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St. Matthew’s Tavern: Inclusive and Supportive

The main entrance to St. Matthew’s Tavern in Orlando, August 2021.

By Sarai Dai
2021 Oral History Intern, University of South Carolina

 This is part three of a three-part blog series in which we’ll share experiences of a few popular Central Florida gay bars through the lens of oral histories in the collection of the Orange County Regional History Center.

Orlando has long played host to a vibrant gay community. For many decades, individuals often found solace and solidarity in certain bars and nightclubs where they could connect with one another without fear. Partying, dancing, and drinking provided an escape from daily life that for some was fraught with tension in a culture that typically did not accept their authentic selves. Due to increased acceptance, the gay nightlife scene, as it was once known, has begun to diminish. However, the impact of historic LGBTQ+ venues on both gay and Central Florida history should not be understated.

St. Matthew’s Tavern has undergone multiple transformations throughout the history of the building on North Mills Avenue in Orlando. It is unique for welcoming a Catholic congregation on Sunday mornings just as warmly as it does its regular evening bar patrons. Since late 2013, St. Dorothy Catholic Community, a member of the National Catholic Church, has held its weekly mass in the building.

The arrival of the church coincided with renaming and rebranding the bar from Orlando Nights, which was never popular or well loved, to St. Matthew’s Tavern. However, it was just one chapter in the story. The building has housed a multitude of gay bars in the past, including the Silver Hammer, Cactus Club, and Paradise. Community leader Eric Rollings remembers the Silver Hammer fondly.

“Matt’s Tavern used to be a gay bar called the Silver Hammer, back in the day. And they had Lucite bar tops with three-inch Lucite and things like Tiger Beat – you  know, those sexy “teen beat” magazines with pictures cut out – in it. It was so tacky – even back then it was tacky.”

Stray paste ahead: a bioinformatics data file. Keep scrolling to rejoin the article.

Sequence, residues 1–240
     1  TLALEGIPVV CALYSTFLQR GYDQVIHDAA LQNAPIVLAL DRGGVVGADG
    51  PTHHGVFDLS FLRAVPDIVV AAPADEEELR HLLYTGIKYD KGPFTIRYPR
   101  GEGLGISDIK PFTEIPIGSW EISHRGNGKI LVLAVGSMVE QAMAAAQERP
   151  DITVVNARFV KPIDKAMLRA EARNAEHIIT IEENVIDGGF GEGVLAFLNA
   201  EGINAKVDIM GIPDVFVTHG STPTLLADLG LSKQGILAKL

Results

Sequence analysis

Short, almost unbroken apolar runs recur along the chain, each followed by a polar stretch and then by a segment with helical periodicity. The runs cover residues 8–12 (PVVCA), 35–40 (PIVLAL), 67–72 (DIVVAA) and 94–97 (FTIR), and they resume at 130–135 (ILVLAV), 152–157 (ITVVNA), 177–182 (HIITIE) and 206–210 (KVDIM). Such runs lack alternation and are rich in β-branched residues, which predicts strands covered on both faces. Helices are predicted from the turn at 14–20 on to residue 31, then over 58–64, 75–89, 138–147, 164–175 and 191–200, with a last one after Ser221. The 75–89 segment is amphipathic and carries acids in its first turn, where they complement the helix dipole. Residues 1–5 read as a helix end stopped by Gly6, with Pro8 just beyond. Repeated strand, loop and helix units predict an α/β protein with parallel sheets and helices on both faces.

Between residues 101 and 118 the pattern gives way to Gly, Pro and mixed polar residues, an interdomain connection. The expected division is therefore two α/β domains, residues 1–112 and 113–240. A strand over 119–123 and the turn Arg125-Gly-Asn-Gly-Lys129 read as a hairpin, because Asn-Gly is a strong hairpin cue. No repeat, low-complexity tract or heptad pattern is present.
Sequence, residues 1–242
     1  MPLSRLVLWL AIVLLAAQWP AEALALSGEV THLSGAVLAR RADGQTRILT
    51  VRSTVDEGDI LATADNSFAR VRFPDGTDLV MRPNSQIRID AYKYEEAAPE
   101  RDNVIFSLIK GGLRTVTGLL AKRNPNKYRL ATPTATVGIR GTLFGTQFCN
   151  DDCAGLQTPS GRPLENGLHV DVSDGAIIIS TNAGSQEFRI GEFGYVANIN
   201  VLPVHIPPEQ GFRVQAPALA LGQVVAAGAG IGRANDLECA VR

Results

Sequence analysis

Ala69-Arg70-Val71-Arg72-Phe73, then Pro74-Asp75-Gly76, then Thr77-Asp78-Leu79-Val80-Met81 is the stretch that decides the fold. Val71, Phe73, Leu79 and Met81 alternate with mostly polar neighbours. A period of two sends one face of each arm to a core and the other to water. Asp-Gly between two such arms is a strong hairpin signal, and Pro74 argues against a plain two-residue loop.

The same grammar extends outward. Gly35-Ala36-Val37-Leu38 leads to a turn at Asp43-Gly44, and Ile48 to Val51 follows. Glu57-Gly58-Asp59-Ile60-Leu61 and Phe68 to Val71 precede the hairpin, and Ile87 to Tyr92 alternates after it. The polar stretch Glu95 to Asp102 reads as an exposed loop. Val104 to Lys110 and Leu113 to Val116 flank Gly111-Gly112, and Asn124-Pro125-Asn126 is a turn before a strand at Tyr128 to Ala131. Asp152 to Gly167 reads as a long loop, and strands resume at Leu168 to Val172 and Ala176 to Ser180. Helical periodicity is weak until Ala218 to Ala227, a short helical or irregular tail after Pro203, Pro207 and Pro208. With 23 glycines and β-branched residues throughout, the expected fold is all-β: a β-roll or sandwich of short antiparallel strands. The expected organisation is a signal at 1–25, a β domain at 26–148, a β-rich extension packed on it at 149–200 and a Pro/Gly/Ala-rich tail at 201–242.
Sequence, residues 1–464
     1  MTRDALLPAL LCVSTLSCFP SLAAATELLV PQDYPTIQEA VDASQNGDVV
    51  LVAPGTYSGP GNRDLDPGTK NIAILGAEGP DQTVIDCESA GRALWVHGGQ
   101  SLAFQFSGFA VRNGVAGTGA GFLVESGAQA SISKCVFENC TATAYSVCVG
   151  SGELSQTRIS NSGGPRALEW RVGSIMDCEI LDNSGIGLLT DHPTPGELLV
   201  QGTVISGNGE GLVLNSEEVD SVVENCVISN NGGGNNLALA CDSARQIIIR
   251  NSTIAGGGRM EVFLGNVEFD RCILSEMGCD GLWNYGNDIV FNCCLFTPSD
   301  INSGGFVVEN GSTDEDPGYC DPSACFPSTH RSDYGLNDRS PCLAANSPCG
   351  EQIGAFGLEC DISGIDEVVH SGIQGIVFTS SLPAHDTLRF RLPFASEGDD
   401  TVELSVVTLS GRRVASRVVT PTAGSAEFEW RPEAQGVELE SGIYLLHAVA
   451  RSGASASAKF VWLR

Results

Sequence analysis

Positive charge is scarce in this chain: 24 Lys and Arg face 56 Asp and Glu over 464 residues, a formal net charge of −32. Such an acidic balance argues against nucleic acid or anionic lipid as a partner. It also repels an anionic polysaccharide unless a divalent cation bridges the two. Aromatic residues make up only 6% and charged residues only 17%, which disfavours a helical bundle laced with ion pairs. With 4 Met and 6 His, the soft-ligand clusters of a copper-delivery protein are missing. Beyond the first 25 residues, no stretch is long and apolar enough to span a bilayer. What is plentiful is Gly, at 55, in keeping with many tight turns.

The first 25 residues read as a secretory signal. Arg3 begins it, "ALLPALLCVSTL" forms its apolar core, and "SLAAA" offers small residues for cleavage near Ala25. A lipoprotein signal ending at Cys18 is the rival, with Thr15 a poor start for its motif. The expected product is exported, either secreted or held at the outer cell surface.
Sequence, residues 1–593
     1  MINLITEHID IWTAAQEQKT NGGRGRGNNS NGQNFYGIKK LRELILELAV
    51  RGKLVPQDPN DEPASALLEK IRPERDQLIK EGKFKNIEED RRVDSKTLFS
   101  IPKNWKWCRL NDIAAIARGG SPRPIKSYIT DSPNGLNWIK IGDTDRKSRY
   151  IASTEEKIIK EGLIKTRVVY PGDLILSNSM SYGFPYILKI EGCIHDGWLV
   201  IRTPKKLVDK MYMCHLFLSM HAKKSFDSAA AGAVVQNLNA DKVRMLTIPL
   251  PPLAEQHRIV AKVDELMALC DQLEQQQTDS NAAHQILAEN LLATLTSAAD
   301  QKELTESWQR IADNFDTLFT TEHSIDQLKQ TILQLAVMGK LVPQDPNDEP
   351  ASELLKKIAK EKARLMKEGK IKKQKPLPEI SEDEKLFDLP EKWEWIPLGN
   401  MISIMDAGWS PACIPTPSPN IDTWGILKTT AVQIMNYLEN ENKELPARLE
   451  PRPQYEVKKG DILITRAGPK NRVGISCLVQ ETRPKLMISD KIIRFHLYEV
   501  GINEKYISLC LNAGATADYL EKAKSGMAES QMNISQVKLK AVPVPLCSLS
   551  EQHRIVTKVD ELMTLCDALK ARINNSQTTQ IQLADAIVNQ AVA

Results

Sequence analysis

Today, while the tavern is not strictly a gay bar, its long history of welcoming the LGBTQ+ community has made it a gathering place. In the aftermath of the Pulse nightclub shooting, the tavern served yet another purpose – people looking to help any way they could gathered there. Some met their first gay person at St. Matthew’s Tavern, as Rollings recalls:

“We had filled The Center with coolers. [Note: The Center is a nonprofit hub for the LGBTQ+ community, near St. Matthew’s on Mills Avenue]. I had a couple of people call from The Center and they said, ‘Hey, there’s people dropping off coolers, but they really wanted to meet you because they’ve never – some of these people have never met a gay person in their life.’

“These people were coming from all over. They just wanted to be part of helping. And you can see it from the religious community, from every aspect that people wanted to be part of the community and be part of loving one another and supporting one another. Everybody.

“And so [The Center] had to close up because they were doing an organizational meeting at 6, and I said, ‘You guys told me that you were open until 8!’ So we put signs up that said, ‘Bring it up to St Matt’s.’ So we were having drinks up there, and people were like – have you ever been to Matt’s Tavern? It’s really dark, it’s really smoky, definitely a late-night crowd but they open for happy hour.

“Anyway, I sat by the door so people didn’t have to [inaudible]. And they’d be like, ‘Um, is there an Eric Rollings here?’ And I said ‘That’s me!’ and ‘Hey, is there anything else?’ And they said, ‘Oh, we’ve got four more in the thing.’ And I was like, ‘Four more coolers?’ ‘Yeah, can we bring them?’

“And so it kept coming and coming, and the manager’s like, ‘Where are you putting [them]?’

“So we had to find – there was, back by the office, a storage room, and we just stacked up the [coolers] and we were like, ‘Oh my God, how many more?’ So, I waited until like 9 o’clock and then I left. Yeah, it was crazy because every time we put something out like that we had more than enough. Of everything.”

Copyright for all oral history interviews are held by the Historical Society of Central Florida.